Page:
Lobbying & Influence
Introducing the Issue
Firms of all sizes and sectors join trade groups in order for their business interests to be represented to government departments, functions or officials. And, in most parts of the world, businesses are free to express their interests and concerns to the government, much like citizens have the right to do so. However, given that influence is something becoming increasingly tied to money, and many groups appear intent on lobbying for private advantages at the cost of public interest, people are left wondering how influence can be used for good.
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Exploring the Issue
Government access is an important exercise of democratic freedom, and this usually includes corporate access as well as access for citizens. However, it offends the public when corporate access is used to extend buying influence or otherwise gain private advantages through lobbying activity, especially when it could be detrimental to the public interest.
Lobbying should be consistent with your organisation’s values, as well as what your organisation stands for. When this doesn’t happen, the public can call out lobbying actions as hypocritical. For example, last year, the CEO of Google published a letter along with 200 other CEOs in opposition to a repressive voting law in Georgia. However, Google was soon exposed for funding an organisation that supported this and similar laws, laying bare a disconnect between the values they showed to the public, and the way they truly acted behind closed doors.
Public perception of lobbying is largely cynical as it is becoming used as a tool for power, rather than effective and ethical change. 63% of people polled by the Gallup Poll rated ‘the honesty and ethical standards’ of lobbyists as low or very low. Lobbyists were the worst rated from the list of professions polled. The expectation is that businesses want something in return for their lobbying practices and that there are always secret motives hidden behind their actions.
This public perception isn’t helped by the knowledge of the various methods of indirect lobbying, which can sometimes include schmoozing with lavish hospitality, tickets to concerts and sporting events, and even holidays, such as 2-day conferences in tourist resorts where a 2-week stay is thrown in.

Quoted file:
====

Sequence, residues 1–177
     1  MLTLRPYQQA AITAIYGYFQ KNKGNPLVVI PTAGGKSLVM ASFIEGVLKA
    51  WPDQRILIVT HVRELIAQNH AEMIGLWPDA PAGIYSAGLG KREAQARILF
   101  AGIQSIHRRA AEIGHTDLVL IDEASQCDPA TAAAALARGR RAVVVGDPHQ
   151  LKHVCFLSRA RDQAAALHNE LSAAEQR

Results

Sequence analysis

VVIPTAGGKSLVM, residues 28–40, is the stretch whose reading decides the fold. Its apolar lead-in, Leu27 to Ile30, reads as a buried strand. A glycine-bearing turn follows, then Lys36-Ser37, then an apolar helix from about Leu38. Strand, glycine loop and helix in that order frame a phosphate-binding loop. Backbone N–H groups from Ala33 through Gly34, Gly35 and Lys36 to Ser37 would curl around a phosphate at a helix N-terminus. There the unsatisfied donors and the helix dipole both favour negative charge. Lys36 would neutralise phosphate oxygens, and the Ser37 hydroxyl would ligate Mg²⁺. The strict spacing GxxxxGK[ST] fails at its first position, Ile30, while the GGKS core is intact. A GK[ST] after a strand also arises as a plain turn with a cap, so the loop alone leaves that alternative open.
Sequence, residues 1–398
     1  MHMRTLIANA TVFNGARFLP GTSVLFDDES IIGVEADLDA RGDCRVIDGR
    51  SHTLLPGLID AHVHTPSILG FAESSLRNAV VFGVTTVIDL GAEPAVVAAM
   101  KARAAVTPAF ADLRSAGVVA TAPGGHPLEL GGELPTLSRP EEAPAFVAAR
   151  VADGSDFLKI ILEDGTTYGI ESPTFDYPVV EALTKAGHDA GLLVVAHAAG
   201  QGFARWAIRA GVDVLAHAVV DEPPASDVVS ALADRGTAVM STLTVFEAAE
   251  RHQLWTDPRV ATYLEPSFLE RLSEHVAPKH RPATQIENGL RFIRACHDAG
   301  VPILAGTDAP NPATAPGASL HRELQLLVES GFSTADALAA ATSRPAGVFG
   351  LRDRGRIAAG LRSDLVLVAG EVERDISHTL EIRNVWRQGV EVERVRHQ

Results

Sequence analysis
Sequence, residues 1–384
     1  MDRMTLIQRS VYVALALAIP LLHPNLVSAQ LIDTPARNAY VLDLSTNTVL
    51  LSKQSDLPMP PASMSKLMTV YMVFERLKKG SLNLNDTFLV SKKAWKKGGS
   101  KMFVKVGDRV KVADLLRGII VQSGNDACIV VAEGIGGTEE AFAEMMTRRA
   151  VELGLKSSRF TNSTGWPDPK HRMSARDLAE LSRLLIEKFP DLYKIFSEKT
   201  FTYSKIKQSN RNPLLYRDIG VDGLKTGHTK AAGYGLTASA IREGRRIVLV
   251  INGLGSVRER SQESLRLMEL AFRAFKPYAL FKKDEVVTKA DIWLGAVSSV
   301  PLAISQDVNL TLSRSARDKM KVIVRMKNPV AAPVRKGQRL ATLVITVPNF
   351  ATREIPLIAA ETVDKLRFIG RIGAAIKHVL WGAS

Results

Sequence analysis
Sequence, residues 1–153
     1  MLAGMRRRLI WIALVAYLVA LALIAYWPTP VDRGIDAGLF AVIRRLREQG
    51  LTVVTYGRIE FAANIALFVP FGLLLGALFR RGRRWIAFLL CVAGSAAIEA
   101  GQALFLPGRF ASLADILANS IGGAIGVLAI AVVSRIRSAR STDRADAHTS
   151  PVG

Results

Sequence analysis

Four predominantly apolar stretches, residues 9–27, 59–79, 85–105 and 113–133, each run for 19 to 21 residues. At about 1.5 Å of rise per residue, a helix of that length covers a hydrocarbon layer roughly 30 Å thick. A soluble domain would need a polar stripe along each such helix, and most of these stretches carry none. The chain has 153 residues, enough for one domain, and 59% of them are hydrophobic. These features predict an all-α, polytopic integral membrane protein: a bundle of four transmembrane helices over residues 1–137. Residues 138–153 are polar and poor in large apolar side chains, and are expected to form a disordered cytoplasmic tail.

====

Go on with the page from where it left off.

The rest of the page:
Paid jobs are sometimes offered as well: Owen Paterson, an MP, was hired as a part-time consultant for Randox in 2015 and worked within the government to advocate for certain benefits to Randox, including a contract to produce testing kits during the COVID-19 pandemic.
However, indirect lobbying can also serve more genuine actions including donating to campaign groups and funding think tanks. A think tank is a body of experts that provide advice and ideas on political or economic issues. ‘Think tanks’ can be used by lobbyists to access public figures at events.
Think tanks can serve legitimate and useful functions such as contributing to the formation of beneficial public policy and offering technical expertise. However, less unscrupulous think tanks have been exposed for offering to write reports with pre-set conclusions for cash, and others are merely fronts to allow corporations or other organisations to promote their interests and access public officials.
Political donations give businesses tremendous power over political decisions. One close tie that businesses often have with the government, and that heavily influences lobbying practices, is the ‘revolving door.’ The revolving door refers to the movement of staff between the public and private sector, bringing with them contacts and influence or even regulatory, executive or legislative roles while being part of organisations that are affected by such regulation, legislation, or decisions.
When done conscientiously, these revolving doors enable business and government to better understand each other and bring practical experience to policy-making, with benefits to wider society. However, there is a clear danger that when ‘switching sides’ from, for example, a water ombudsman to the CEO of a water company, insiders are also well placed to secure favours and advantages for themselves and private business interests.